On 20 February 2019, WIHEA and the Department of Classics jointly hosted the Inaugural Lecture of Professor Michael Scott to celebrate his recent appointment as Professor (Research and Teaching).
Titled ‘This is Sparta!’ The Ancient World Then and Now, the lecture focussed on Michael's vision for the study, teaching and communication of the ancient world in the 21st century. Far from being a subject of the past, Michael argued that there has rarely been a more exciting, relevant and important time to be studying the Greeks and Romans – and the wider ancient world of which they were a part. Our understanding of their world is being transformed thanks to the smashing of traditional disciplinary barriers across wide areas of research. In turn, what we teach about the ancient world, as well as the ways in which we do it, is being revolutionised by that research, the possibilities of technology and pedagogical innovation. At the same time, the need to engage the public in debate and discussion about the ancient world grows ever greater, as its values and ideas continue to be represented - and misrepresented - in social and political debates across the modern world. The ancient world then and now is changing – and it has never been more important for academics to be engaged across the spectrum of research, teaching and engagement that will define the nature of that transformation for the future.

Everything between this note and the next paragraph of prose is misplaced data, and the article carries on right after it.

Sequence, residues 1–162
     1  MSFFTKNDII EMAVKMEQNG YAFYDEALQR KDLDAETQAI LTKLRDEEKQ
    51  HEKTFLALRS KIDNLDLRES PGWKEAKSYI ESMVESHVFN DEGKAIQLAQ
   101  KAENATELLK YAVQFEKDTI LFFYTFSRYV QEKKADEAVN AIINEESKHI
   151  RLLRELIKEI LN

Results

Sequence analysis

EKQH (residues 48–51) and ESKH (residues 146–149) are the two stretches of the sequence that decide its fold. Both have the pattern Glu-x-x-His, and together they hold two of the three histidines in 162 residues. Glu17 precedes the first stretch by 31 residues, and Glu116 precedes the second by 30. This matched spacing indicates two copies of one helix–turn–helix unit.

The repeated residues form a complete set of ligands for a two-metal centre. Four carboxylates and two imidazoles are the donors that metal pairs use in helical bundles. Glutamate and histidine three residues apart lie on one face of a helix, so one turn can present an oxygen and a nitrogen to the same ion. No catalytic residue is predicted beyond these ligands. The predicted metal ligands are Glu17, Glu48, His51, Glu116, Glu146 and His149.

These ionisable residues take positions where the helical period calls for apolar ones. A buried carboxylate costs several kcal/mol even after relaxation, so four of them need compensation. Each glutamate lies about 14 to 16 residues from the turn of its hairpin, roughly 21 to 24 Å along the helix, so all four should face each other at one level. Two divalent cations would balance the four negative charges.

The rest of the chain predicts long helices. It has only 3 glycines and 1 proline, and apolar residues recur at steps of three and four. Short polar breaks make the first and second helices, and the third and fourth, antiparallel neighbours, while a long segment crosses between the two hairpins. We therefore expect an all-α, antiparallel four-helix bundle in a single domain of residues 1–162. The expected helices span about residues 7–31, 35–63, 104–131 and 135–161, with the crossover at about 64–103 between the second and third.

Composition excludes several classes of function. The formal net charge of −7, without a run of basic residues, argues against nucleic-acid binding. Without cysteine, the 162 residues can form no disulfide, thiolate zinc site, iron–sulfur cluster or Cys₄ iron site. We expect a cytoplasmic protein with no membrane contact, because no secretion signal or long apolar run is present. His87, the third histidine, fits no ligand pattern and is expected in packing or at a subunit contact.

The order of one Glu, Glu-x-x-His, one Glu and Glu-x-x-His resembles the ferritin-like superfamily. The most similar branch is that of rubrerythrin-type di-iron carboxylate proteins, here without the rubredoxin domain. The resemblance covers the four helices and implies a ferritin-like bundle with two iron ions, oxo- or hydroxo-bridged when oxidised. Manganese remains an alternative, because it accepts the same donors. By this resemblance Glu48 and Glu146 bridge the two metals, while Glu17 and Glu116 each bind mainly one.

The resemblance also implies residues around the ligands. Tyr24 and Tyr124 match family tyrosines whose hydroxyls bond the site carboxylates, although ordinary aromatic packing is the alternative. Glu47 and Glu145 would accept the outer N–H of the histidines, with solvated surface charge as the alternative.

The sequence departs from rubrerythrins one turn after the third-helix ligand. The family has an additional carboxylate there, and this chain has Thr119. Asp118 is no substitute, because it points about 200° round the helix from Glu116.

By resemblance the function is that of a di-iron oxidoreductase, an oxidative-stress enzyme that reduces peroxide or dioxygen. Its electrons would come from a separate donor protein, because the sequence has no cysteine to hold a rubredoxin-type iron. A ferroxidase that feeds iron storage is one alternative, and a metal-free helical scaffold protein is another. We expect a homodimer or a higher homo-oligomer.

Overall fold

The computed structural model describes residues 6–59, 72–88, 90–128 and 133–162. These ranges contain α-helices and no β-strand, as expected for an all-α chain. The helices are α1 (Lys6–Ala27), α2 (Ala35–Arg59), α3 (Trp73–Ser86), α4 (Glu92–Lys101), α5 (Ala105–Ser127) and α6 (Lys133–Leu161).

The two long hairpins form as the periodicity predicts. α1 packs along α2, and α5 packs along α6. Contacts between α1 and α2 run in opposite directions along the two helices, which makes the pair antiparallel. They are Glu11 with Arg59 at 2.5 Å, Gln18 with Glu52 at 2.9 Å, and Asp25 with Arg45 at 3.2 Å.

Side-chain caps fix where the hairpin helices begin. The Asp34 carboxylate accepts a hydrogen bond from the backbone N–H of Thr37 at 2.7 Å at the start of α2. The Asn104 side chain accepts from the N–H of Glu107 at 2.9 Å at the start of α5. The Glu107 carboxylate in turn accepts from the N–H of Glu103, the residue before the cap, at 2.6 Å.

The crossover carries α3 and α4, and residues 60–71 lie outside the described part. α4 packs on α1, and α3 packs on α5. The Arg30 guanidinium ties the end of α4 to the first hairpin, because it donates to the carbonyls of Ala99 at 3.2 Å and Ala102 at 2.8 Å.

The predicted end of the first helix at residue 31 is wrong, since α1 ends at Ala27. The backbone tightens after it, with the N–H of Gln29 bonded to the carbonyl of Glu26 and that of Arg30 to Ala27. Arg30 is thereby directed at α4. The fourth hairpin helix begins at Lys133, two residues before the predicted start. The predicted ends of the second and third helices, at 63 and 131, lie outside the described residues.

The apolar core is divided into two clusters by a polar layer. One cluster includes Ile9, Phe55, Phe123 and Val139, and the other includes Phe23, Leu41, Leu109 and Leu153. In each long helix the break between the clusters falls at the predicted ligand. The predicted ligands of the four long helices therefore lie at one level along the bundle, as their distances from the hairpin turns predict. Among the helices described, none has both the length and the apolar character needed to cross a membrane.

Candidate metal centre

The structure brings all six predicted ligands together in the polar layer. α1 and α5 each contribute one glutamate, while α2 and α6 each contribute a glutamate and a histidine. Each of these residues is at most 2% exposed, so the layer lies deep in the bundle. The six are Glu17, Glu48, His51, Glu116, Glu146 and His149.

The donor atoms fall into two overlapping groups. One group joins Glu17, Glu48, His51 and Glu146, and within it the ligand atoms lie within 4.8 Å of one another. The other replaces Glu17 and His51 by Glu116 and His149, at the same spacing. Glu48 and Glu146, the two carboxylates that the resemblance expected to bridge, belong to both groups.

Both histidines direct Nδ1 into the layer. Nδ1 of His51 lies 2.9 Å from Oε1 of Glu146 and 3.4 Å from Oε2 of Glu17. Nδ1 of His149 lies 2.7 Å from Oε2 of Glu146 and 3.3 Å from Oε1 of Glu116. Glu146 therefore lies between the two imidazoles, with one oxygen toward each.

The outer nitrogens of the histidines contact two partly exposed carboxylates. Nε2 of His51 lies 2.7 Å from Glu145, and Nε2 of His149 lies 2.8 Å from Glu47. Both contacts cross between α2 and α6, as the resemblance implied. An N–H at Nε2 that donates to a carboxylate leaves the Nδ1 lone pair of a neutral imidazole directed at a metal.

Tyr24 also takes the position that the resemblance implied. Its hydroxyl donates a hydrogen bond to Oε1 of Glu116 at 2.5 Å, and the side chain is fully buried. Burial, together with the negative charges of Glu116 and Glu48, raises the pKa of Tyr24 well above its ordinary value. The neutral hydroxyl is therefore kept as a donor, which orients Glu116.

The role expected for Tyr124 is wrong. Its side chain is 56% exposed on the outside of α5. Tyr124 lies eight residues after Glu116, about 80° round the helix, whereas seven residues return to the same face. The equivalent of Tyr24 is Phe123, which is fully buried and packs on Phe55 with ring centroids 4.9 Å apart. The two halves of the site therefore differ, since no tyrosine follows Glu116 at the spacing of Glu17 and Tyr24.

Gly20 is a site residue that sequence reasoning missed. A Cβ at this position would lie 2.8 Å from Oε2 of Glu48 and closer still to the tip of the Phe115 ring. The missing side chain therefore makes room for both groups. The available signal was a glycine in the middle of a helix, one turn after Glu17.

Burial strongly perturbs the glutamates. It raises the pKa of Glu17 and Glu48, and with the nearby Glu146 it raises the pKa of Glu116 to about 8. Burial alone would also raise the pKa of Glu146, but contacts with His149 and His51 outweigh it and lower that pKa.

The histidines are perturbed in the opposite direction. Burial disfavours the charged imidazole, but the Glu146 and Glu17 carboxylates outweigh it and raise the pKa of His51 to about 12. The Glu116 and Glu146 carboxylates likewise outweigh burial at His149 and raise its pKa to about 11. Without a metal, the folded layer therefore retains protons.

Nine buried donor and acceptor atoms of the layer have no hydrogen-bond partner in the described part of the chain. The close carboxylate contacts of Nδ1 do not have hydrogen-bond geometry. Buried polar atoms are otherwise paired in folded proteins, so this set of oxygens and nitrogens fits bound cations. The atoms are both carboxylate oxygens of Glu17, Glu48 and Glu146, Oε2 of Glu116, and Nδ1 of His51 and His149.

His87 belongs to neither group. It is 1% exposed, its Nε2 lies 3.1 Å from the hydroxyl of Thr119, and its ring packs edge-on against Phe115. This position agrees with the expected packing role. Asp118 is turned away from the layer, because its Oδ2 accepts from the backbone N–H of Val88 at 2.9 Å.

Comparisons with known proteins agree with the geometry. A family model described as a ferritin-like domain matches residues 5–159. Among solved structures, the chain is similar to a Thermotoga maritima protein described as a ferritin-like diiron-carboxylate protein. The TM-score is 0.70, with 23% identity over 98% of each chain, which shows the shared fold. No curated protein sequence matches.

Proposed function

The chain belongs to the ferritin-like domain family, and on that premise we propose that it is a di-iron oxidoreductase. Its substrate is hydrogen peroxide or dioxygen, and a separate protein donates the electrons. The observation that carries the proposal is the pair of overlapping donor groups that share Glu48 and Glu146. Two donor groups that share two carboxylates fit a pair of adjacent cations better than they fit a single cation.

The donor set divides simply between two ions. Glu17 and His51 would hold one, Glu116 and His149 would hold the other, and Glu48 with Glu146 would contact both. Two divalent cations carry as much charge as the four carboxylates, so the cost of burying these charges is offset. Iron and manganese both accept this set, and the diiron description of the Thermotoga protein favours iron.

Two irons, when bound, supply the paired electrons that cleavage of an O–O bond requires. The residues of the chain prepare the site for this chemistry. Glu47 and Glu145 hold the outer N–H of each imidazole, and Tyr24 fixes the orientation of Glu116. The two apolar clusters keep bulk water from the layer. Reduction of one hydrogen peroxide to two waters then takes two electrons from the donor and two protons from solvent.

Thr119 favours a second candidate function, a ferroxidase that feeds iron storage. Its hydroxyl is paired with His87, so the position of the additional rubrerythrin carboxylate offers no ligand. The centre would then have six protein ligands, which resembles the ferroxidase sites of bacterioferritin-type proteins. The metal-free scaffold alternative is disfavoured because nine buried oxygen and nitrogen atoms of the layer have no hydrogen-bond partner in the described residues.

About Professor Michael Scott
Michael is one of the youngest Warwick Faculty of Arts academics in recent history to be made Professor. He has spearheaded Warwick Classics’ outreach and widening participation programmes; is president of the UK’s largest branch of the Classical Association; is an honorary citizen of Delphi; and is one of the most recognised Classicists in Britain and worldwide, thanks not only to his wide public engagement through social media, but also to the multiple TV and Radio documentaries he has written and presented for the BBC, ITV, National Geographic, History Channel and SBS Australia.